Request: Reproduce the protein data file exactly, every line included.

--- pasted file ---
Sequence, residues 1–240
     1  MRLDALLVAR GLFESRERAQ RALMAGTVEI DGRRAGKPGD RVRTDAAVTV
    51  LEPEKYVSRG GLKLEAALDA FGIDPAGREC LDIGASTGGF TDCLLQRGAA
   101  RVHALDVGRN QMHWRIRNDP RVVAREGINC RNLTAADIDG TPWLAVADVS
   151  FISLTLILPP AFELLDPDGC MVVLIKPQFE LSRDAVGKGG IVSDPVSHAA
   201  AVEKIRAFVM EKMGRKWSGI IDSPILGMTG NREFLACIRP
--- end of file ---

Sequence, residues 1–240
     1  MRLDALLVAR GLFESRERAQ RALMAGTVEI DGRRAGKPGD RVRTDAAVTV
    51  LEPEKYVSRG GLKLEAALDA FGIDPAGREC LDIGASTGGF TDCLLQRGAA
   101  RVHALDVGRN QMHWRIRNDP RVVAREGINC RNLTAADIDG TPWLAVADVS
   151  FISLTLILPP AFELLDPDGC MVVLIKPQFE LSRDAVGKGG IVSDPVSHAA
   201  AVEKIRAFVM EKMGRKWSGI IDSPILGMTG NREFLACIRP